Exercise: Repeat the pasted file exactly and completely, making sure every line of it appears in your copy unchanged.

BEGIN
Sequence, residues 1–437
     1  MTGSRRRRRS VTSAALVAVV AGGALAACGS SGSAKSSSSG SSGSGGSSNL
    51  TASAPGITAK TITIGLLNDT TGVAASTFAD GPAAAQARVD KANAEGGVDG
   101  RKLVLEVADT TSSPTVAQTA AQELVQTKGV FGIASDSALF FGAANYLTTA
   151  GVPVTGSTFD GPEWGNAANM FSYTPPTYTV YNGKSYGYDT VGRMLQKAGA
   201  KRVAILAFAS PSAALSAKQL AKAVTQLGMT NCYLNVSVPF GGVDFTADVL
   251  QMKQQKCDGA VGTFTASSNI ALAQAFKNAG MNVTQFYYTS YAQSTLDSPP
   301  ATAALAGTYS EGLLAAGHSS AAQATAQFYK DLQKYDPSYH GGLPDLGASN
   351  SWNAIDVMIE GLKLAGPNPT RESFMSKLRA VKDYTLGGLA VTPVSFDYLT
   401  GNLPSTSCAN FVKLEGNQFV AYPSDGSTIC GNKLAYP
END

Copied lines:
Sequence, residues 1–437
     1  MTGSRRRRRS VTSAALVAVV AGGALAACGS SGSAKSSSSG SSGSGGSSNL
    51  TASAPGITAK TITIGLLNDT TGVAASTFAD GPAAAQARVD KANAEGGVDG
   101  RKLVLEVADT TSSPTVAQTA AQELVQTKGV FGIASDSALF FGAANYLTTA
   151  GVPVTGSTFD GPEWGNAANM FSYTPPTYTV YNGKSYGYDT VGRMLQKAGA
   201  KRVAILAFAS PSAALSAKQL AKAVTQLGMT NCYLNVSVPF GGVDFTADVL
   251  QMKQQKCDGA VGTFTASSNI ALAQAFKNAG MNVTQFYYTS YAQSTLDSPP
   301  ATAALAGTYS EGLLAAGHSS AAQATAQFYK DLQKYDPSYH GGLPDLGASN
   351  SWNAIDVMIE GLKLAGPNPT RESFMSKLRA VKDYTLGGLA VTPVSFDYLT
   401  GNLPSTSCAN FVKLEGNQFV AYPSDGSTIC GNKLAYP